Atari Go Teaching Method

    Keywords: Theory

The idea and the criticism

The capture game has been used for explaining the basic rule "a chain whose last liberty is filled is removed from the board" and is promoted by the EGCC and Yasuda 9p as a teaching method[1].

The American Go Association suggests[2] that a common way to develop from atari go into regular go is to change the rule for winning, so that 5 or 10 stones must be captured to win. Then, so that the one who captures the most wins (Prisoner scoring). Then point out that when the only plays left are inside one's own territory, you can just count and see who will win.

Many believe however that this makes pupils focus too much on capturing stones, a bad habit which is difficult to throw off later.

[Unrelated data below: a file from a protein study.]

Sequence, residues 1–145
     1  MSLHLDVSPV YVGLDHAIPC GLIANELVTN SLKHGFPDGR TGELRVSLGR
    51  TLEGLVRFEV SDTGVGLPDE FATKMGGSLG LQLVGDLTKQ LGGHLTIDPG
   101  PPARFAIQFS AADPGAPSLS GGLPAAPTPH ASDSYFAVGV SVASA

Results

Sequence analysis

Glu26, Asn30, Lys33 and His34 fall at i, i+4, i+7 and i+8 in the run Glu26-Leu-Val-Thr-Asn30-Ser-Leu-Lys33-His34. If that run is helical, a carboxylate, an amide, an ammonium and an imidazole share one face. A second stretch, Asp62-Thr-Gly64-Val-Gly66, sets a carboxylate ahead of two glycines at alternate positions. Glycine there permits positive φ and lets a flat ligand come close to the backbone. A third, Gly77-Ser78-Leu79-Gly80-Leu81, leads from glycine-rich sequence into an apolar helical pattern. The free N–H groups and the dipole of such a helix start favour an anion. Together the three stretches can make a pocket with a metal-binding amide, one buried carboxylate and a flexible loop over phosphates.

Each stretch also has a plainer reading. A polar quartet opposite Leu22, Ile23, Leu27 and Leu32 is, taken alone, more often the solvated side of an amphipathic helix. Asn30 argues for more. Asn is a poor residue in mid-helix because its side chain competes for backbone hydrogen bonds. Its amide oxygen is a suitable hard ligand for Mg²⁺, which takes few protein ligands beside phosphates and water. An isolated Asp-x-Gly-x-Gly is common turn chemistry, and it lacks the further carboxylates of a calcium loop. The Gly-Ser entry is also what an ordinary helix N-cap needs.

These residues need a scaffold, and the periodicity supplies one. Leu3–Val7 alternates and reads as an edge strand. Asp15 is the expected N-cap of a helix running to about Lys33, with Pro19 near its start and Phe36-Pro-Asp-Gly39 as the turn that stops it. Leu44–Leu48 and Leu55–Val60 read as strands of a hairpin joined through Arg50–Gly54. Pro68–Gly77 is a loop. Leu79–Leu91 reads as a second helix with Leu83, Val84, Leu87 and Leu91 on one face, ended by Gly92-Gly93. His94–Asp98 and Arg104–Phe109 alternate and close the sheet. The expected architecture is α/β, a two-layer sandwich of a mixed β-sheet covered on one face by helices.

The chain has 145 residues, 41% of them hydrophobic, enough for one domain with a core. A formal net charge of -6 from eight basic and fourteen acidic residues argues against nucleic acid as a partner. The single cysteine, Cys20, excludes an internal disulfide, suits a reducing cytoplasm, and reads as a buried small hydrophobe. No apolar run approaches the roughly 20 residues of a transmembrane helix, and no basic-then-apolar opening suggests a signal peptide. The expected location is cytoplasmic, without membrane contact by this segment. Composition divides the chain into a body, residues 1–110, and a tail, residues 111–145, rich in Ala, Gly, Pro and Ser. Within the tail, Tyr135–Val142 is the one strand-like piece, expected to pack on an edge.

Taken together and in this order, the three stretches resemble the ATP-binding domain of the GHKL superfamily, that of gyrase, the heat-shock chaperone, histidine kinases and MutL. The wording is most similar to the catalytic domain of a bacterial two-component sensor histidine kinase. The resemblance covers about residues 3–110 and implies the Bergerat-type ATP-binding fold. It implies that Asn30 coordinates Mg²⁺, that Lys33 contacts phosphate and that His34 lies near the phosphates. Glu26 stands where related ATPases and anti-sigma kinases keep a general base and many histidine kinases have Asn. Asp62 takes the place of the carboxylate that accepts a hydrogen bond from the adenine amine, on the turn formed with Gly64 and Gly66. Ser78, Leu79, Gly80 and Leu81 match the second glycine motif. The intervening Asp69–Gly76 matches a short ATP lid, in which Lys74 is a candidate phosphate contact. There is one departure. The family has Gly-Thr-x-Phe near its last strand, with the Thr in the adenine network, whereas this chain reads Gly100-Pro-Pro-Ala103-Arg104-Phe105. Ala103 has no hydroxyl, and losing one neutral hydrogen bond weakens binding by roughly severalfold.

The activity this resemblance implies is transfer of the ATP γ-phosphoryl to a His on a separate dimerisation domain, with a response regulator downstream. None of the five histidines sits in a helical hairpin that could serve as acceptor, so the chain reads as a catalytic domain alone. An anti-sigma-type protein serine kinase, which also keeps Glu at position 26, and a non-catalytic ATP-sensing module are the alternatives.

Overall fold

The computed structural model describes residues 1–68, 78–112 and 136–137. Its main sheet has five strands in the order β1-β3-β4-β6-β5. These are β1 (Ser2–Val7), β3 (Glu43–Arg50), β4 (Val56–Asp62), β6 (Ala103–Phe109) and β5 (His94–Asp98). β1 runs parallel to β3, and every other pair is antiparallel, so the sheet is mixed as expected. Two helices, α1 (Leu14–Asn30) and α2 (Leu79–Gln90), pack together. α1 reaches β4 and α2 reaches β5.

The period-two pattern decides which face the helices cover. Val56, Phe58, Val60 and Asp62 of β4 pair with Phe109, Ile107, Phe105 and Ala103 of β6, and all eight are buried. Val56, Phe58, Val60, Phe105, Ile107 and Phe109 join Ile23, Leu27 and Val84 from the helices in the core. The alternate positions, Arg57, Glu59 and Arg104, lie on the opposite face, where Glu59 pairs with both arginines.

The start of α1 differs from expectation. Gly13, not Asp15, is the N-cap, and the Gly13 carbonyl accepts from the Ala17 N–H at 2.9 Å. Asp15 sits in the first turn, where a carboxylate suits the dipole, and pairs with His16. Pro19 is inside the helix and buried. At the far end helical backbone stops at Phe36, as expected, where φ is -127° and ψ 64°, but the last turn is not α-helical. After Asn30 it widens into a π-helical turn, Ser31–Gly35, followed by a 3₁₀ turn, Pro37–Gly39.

Proposed Alternatives

You are invited to expand this page with some ideas from the
Atari Go Teaching Method / Discussion page and the forum.

Capturing Addiction

It doesn't seem obvious to me that playing Capture Go will lead pupils to become obsessed by capturing stones. Many beginners who did not learn through Capture Go are also obsessed with capturing stones. Properly taught pupils would presumably be able to understand the difference in strategy when moving from one game to another. I have always tried to create a stalemate on the board when using Atari Go - I would then explain to them the concept of territory. Then I would deliberately place emphasis on Go not about being capturing stones, and on the lesson would go. I have not noticed any instance in anyone I taught being obsessed with capture.

I agree. I have an unprovable theory that capture was the first way Go was played, and that surrounding more territory was a natural step once life was "discovered". In my personal experience I find capture go a very natural way to teach beginners about territory.

I would recommend just teaching puzzles rather than competitive games, this is my personal interest.


[1] [ext]

[2] [ext]

Atari Go Teaching Method last edited by on June 14, 2023 - 13:57
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